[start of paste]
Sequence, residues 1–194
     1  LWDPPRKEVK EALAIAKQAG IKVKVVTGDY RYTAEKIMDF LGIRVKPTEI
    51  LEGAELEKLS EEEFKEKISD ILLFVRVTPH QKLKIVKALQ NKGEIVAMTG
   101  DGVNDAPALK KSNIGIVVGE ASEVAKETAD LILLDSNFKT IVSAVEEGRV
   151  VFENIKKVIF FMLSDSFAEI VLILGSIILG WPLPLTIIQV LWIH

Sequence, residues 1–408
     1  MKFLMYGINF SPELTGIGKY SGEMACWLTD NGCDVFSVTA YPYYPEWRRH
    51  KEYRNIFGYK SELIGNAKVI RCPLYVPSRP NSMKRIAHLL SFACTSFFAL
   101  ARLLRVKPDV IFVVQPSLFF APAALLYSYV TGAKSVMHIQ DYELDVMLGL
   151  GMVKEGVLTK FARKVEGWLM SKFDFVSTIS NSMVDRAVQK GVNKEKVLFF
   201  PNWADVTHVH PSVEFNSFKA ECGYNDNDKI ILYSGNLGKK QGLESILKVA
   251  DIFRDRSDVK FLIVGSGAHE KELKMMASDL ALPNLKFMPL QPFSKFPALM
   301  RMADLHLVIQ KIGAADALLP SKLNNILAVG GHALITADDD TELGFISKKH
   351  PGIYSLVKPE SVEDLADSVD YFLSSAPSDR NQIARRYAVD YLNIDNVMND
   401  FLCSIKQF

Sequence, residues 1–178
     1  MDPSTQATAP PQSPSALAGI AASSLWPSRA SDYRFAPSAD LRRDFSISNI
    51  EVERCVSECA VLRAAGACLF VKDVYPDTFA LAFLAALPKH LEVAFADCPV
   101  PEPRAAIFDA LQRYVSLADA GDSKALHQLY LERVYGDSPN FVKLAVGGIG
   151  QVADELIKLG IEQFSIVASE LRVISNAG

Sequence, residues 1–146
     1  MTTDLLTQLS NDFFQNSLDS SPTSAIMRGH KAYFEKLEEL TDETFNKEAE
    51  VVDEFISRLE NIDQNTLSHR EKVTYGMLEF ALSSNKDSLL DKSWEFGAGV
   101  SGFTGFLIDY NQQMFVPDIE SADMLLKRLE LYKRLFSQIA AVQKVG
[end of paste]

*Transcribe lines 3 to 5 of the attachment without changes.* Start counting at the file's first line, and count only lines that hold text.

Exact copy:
    51  LEGAELEKLS EEEFKEKISD ILLFVRVTPH QKLKIVKALQ NKGEIVAMTG
   101  DGVNDAPALK KSNIGIVVGE ASEVAKETAD LILLDSNFKT IVSAVEEGRV
   151  VFENIKKVIF FMLSDSFAEI VLILGSIILG WPLPLTIIQV LWIH